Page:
The Pasteur Museum is housed in the apartment where Louis Pasteur spent his final seven years and offers a rare behind-the-scenes look at the living and working environment of the world-renowned scientist. Visitors can gain a unique insight into his everyday life alongside his wife and can admire his rich and diverse scientific work.
The Institut Pasteur’s scientific strategy focuses on developing original and innovative topics and promoting interdisciplinary and multidisciplinary cooperation and approaches. The Institut Pasteur teams have access to the technological resources needed to speed up and further improve the quality of their outstanding research.
Ever since the introduction of the world’s first "Technical Microbiology" course in 1889, teaching has been a priority for the Institut Pasteur. The Institut Pasteur has an international reputation for quality teaching that attracts students from all over the world who come to further their training or top up their degree programs.
The mission of the Industrial Partnership team is to detect, promote, assist and protect the inventive activities from research (inventions, know-how and biological materials) conducted at the Institut Pasteur (and in some Institutes of its international network), and transfer there to industrial and/or institutional partners, in order to serve the patient needs and for the benefit of the society, as well as to contribute to sustainability of the Institut Pasteur’s resources.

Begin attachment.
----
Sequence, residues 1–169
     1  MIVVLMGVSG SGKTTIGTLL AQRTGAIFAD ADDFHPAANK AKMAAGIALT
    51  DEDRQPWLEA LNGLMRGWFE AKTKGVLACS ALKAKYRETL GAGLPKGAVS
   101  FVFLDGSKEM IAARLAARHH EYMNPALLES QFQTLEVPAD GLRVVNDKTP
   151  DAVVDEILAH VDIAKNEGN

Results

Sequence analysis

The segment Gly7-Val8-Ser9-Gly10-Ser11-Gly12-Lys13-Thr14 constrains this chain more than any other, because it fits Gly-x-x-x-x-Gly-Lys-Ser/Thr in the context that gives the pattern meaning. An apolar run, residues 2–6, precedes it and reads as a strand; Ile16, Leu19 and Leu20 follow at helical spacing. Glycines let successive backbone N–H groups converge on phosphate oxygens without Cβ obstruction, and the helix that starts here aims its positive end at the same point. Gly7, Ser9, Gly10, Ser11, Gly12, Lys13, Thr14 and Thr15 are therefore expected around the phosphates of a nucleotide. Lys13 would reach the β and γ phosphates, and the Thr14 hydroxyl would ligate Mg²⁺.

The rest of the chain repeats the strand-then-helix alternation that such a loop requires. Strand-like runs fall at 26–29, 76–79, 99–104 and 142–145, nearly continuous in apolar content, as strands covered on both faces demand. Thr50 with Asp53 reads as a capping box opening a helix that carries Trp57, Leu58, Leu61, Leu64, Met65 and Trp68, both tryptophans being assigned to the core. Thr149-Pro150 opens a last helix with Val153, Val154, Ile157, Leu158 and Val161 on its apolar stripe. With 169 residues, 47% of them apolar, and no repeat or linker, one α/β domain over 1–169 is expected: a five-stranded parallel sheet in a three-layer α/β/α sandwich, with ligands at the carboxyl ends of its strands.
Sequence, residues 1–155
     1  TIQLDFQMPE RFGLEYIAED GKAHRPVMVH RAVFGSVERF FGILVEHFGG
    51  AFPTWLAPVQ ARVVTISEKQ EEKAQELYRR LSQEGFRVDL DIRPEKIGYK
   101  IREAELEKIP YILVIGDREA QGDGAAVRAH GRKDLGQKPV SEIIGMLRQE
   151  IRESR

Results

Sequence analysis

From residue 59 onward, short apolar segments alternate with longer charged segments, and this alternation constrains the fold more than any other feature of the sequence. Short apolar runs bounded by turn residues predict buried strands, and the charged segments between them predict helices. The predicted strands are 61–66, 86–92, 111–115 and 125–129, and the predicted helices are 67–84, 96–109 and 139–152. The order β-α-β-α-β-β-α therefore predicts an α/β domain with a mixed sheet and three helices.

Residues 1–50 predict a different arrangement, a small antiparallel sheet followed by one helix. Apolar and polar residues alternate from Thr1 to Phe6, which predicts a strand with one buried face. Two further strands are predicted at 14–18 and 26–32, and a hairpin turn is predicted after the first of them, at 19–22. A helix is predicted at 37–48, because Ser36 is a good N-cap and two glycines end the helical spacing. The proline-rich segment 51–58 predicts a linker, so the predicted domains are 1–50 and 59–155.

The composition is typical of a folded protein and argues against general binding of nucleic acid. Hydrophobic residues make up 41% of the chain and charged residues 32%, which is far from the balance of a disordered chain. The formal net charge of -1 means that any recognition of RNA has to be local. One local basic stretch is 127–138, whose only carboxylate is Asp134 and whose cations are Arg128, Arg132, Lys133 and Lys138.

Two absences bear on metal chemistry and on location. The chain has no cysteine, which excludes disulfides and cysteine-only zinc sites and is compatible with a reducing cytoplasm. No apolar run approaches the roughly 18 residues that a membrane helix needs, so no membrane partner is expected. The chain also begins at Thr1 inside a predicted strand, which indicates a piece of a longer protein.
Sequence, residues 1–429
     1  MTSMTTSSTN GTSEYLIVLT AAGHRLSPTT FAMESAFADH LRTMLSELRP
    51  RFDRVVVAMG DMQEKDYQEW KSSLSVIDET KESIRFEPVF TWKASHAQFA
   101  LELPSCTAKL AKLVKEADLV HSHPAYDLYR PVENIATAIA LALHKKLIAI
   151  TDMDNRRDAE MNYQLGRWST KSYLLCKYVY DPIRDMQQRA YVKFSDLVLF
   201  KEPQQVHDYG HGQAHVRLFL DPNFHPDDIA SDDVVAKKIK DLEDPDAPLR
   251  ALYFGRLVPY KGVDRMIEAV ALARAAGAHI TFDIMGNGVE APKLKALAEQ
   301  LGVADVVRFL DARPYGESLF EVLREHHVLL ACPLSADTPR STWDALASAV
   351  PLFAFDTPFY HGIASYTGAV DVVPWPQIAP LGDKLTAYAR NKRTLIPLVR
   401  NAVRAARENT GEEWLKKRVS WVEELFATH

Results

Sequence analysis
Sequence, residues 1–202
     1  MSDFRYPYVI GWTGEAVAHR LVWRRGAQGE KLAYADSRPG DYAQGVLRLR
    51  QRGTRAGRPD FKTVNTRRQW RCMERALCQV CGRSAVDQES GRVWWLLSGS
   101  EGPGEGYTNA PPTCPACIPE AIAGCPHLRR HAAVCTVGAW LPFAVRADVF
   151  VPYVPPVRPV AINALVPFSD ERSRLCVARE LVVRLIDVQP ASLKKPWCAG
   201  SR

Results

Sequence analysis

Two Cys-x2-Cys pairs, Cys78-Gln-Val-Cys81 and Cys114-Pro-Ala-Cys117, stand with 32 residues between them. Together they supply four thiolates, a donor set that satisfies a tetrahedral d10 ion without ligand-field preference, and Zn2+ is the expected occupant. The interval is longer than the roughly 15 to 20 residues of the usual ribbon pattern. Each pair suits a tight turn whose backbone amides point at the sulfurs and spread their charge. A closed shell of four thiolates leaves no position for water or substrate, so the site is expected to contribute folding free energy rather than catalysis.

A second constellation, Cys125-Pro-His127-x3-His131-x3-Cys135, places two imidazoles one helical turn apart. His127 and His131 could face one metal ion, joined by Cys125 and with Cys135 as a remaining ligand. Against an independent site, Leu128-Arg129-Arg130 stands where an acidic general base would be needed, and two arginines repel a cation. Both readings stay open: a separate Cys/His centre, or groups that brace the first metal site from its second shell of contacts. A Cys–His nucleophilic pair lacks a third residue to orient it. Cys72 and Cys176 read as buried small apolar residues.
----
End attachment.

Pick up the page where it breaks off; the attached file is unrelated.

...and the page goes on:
With international courses, PhD and postdoctoral traineeship, each institute of the Institut Pasteur International Network (RIIP) contributes to the transmission of knowledge with the training of young researchers all around the world. In this context, doctoral and postdoctoral programmes, study and traineeship fellowships are available to scientists. Alongside training, dynamism and attractiveness of RIIP will result in the creation of 4-year group for the young researchers.
Our research is mainly dedicated to understanding the function of bio-macromolecules such as proteins, nucleic acids and oligosaccharides through the study of their structure, interactions and dynamics. To this end, we use NMR, biophysical and biochemical techniques and work in collaboration with various groups from the Institut Pasteur and with laboratories in France and abroad.
The main projects currently being undertaken in our laboratory are:
(i) Structural and functional studies of proteins involved in the active transport of nutrients in bacteria;
(ii) The control of neuronal death and survival by the rabies virus glycoprotein;
(iii) PDZ mediated viral perturbation of infected cells signaling pathways;
(iv) Function of whirlin in the mecanoelectric transduction in the internal ear;
(v) Structure and biosynthesis of the fungal cell wall and structural and functional analysis of hydrophobins from the fungal pathogen Aspergillus fumigatus.